Diners are increasingly on the move and eating on the go, which means they’re thinking more and more about convenience and choosing restaurants that offer easy off-premises solutions.
We don’t need a room of experts to confirm opening a restaurant is daunting.
Buffalo Wild Wings’ turnaround efforts have chipped away at something chief executive Paul Brown alluded to before the ink dried on Arby’s deal to acquire the 1,200-unit chain.
If you examine the past decade, the reality hasn’t changed all that much for restaurants. Guest counts have declined as brands flood units into a saturated system.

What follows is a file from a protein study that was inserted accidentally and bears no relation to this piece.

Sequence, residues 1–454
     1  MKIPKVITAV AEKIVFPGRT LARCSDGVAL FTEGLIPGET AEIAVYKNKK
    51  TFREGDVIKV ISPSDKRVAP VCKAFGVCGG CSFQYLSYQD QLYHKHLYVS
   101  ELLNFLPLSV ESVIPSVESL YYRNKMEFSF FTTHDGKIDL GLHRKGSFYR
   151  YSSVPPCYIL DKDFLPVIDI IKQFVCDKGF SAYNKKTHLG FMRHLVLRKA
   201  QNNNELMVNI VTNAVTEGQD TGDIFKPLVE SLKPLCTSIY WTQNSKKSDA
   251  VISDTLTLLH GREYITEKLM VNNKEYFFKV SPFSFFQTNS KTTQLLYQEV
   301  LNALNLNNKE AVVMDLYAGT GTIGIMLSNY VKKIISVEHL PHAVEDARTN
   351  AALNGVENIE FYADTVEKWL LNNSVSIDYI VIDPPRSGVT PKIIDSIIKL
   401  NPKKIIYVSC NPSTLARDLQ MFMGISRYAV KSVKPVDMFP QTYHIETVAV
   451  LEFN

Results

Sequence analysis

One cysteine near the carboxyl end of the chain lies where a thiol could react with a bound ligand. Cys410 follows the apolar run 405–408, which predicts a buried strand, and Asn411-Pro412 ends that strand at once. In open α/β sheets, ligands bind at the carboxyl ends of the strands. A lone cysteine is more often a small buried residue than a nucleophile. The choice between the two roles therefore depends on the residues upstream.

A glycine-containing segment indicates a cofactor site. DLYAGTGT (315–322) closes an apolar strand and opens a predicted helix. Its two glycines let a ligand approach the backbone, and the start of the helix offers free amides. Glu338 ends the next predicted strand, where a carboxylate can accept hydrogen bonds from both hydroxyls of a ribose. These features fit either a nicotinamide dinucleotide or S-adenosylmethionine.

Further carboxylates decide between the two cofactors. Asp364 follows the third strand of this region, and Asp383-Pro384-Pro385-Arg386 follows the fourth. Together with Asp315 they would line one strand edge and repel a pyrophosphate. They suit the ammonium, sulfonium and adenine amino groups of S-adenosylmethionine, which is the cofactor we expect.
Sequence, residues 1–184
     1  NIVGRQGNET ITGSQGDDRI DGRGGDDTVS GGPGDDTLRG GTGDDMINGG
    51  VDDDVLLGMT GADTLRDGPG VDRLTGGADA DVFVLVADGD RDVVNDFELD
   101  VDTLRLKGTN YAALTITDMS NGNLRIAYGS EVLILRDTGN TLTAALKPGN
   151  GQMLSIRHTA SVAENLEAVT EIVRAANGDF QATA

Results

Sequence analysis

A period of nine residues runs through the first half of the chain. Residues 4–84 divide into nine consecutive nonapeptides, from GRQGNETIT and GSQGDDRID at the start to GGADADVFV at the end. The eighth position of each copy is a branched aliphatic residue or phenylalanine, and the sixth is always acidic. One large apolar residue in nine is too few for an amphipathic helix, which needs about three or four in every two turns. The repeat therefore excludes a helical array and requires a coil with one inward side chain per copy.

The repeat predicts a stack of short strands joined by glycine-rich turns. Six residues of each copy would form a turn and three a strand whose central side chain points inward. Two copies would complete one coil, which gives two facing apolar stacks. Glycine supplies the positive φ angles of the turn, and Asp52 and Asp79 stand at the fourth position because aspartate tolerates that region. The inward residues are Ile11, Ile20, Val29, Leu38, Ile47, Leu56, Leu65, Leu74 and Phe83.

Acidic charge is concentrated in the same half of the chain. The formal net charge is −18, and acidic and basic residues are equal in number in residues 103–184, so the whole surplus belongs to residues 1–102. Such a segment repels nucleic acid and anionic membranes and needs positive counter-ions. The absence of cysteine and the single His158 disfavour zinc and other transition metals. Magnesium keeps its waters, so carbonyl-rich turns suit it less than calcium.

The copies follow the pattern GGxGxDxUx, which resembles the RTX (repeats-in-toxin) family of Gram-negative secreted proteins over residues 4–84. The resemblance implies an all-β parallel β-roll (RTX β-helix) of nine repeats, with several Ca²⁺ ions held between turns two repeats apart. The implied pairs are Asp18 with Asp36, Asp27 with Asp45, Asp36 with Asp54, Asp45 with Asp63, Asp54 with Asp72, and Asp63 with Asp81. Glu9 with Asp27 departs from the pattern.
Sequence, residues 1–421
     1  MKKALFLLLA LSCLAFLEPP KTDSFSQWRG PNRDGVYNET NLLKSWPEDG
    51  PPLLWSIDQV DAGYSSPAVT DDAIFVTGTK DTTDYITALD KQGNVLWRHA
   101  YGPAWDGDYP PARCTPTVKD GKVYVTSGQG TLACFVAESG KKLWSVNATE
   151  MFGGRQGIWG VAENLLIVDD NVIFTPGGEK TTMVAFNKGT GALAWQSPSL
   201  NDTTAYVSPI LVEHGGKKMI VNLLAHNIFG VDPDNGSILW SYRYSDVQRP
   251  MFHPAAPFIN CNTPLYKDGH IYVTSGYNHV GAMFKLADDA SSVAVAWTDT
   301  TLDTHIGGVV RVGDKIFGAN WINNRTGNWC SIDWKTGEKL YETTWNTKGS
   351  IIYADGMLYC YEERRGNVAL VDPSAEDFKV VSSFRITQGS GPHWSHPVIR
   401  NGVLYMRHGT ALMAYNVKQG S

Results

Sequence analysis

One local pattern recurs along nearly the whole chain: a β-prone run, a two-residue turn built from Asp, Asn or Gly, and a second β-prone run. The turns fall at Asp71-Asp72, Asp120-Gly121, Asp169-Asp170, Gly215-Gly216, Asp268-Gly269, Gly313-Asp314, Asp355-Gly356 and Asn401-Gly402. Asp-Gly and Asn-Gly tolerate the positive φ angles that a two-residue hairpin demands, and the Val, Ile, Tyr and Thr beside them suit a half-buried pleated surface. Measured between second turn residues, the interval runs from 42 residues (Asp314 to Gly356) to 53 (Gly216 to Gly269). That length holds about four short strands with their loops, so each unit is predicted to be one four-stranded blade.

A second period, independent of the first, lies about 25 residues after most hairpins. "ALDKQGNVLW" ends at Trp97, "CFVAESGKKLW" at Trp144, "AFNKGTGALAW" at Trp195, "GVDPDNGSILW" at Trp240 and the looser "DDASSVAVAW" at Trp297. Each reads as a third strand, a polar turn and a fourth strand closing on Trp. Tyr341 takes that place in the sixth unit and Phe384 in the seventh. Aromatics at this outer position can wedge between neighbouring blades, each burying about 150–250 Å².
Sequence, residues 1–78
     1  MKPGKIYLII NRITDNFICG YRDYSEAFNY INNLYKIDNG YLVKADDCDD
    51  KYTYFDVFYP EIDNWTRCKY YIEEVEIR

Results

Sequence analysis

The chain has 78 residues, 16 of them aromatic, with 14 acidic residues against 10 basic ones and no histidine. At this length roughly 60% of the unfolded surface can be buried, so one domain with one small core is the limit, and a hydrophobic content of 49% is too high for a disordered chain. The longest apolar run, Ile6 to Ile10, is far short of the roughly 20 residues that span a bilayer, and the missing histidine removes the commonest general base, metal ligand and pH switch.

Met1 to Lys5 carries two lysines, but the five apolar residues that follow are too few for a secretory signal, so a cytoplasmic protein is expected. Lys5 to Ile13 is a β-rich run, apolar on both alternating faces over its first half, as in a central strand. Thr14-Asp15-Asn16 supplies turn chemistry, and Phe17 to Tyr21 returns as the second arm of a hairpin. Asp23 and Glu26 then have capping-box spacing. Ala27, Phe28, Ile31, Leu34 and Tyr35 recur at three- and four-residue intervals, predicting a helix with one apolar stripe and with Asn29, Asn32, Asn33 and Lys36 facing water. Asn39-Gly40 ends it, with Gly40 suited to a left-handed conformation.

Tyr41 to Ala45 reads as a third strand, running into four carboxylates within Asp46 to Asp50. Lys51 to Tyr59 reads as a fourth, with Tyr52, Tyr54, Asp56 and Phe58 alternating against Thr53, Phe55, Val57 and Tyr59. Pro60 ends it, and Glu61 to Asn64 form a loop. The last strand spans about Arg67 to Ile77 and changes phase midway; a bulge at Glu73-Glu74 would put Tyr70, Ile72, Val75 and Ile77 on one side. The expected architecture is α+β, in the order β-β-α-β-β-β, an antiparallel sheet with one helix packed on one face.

It isn’t a novel statement: Demand for delivery is shaking up the restaurant industry. Guests want the food they’d grab in-store, where they are, as fast as they can get it.
Carrabba’s Italian Grill president Michael Kappitt touched on a universal truth for restaurants. “We have competitors everywhere,” he says. But that’s where the generalizations end.
The independent restaurant scene is always in flux. According to CHD Expert, the segment represents 68 percent of the total U.S. dining landscape.
Across the restaurant industry, positive same-store sales growth—although modest—remains a consistent.
One positive side effect of rising wages, as far as restaurants are concerned, is higher consumer spending. Does that balance out the labor issue? Probably not, but it doesn’t hurt, either.